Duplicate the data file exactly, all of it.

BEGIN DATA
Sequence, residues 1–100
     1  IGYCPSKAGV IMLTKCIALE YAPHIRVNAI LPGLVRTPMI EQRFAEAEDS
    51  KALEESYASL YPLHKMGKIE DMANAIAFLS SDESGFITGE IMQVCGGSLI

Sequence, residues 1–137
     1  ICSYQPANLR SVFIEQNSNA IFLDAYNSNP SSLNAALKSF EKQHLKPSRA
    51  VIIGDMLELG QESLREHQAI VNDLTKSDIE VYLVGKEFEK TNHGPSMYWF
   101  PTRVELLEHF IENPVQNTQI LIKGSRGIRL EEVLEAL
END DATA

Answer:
Sequence, residues 1–100
     1  IGYCPSKAGV IMLTKCIALE YAPHIRVNAI LPGLVRTPMI EQRFAEAEDS
    51  KALEESYASL YPLHKMGKIE DMANAIAFLS SDESGFITGE IMQVCGGSLI

Sequence, residues 1–137
     1  ICSYQPANLR SVFIEQNSNA IFLDAYNSNP SSLNAALKSF EKQHLKPSRA
    51  VIIGDMLELG QESLREHQAI VNDLTKSDIE VYLVGKEFEK TNHGPSMYWF
   101  PTRVELLEHF IENPVQNTQI LIKGSRGIRL EEVLEAL